It’s been raining for days here in Switzerland. It’s a cold heaviness that settles over the body like a wet wool sweater that won’t dry out. It reminds me of the winters in the West Virginia valley where I grew up.
I remember the way a river can control the weather.
This afternoon I force myself to pull on my warmest tights and descend slowly down the hill from our apartment. Late afternoon grey light combines with the mist in the valley and does funny things to my sense of place and time. I feel suspended in a cloudy, nameless location in some ambiguous era. I could be anywhere.
All day I’ve been reading the post-election news and an unrelenting feed of comments from friends and strangers that’s left my brain addled with anxiety and a sense of surrealism.
I take small, careful steps, wary of the slick leaves on the sidewalk as I trot down to the Aare River, to the banks that flow north around the old city. In one direction is the northern town of Solothurn and to the south lies the magisterial Bernese Alps. I usually choose the mountain view, even when the weather’s bad.
The water is high, a wide, vigorous current of teal and green and brown. The color changes constantly as I make my way along the dirt path that heads toward Thun.
Bern was once a Medieval city with a wall encircling it. The square that I live near is dated 1400-something with a statue of a man on a horse who must have had something to do with it. This morning I stood at the tram station and squinted my eyes and tried to imagine what that square looked like so many centuries ago.
I couldn’t do it, my experience of time is so completely stunted. These old European cities have witnessed long eras that I cannot even conceive of as an American.
I wonder what those ancients would think of our world today. Of our advanced technology and the modern way that we communicate, how we process our information, the cadence of our crazy lives. The way that we burn through our days, willy-nilly, expecting our natural resources to last forever. How we reduce time to peripatetic clicks and bytes and images on screens.
I can only imagine that people in the past understood time on a very slow clock. Getting the news took weeks and even years. Men and women crawled though their days with their eyes tuned to the sunrise and sunset – even the stars. Moving forward was difficult, near impossible and daily efforts rarely paid off quickly. Life was just expected to take time, long slow time.
Running along the river bank I let this moody murk swirl in my mind. I run south against the flow thinking I’ll need the rush of current alongside me on the way home to boost my energy boost and propel my tired legs. I’m all about looking for a way to save myself from any pain at the end.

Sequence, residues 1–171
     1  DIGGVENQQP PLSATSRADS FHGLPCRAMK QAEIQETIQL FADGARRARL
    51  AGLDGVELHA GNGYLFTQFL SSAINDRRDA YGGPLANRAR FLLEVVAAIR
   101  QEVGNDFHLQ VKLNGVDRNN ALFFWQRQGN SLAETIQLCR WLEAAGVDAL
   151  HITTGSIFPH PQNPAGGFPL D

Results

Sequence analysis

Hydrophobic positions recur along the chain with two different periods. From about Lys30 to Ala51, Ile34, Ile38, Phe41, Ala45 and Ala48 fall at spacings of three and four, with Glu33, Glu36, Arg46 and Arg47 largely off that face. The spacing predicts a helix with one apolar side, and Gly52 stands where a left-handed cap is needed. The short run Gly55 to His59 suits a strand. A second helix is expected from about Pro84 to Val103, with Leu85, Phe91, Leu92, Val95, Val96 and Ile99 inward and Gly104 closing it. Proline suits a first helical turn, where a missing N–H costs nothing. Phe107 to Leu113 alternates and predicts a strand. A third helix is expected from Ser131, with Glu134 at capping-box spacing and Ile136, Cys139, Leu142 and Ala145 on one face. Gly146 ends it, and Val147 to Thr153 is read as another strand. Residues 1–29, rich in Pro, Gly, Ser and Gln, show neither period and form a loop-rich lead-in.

Rivers are an obvious metaphor for life. I believe they are a constant, wise and gentle friend and I know that in the end they will outlast me.
There is a comfort in that, I’m part of a current that rushes tirelessly from ancient rock that pre-dates me millions of years, and one that will no doubt live on when my life is done.
Up on my right there’s a jangle of bells and my eyes cast up to the hillside, there are sheep stuck like velcro against the steep, slippery berm. Their coats are dirty and matted and thick with rain, and yet they chew in oblivion.
Like all of the animals here in the forest they don’t care a thing about the conditions and the weather. They look at me with marble eyes and can’t discern the meaning in my cries of why and how and what to do.
Their perfect cloven hooves keep their thick bodies clicked into place in a way my nubby soles will never do – I’m not made for scrabbling across rock like them or the Swiss people around me.
My feet betray that I am a stranger in this country, in every country, even in my own. Travel has taught me this. In leaving I’ve learned that my native country is a foreign place, like Switzerland, even though I thought I knew it like I knew my self.
Today I recognize that I’m completely lost, even when I know the way back home is simply re-tracing my steps on the trail. I’m lost for my country, for my privileged white heritage, for my sense of entitlement, for everything that has made me stupid and selfish and complacent.
It’s been deceptively easy to believe that I’m an important being on this planet, a product of my western, ego-driven, capitalist, consumerist society and my American beliefs and ideals, and that my life means anything at all.
To the river, to the animals and to the mountains it means nothing.
Under the canopy of the dripping hornbeam trees covered in moss, even I can see that I am merely a mud line on the steep bank, and that the ancient river will not make way for me or for any of us, it will just continue to rush on by.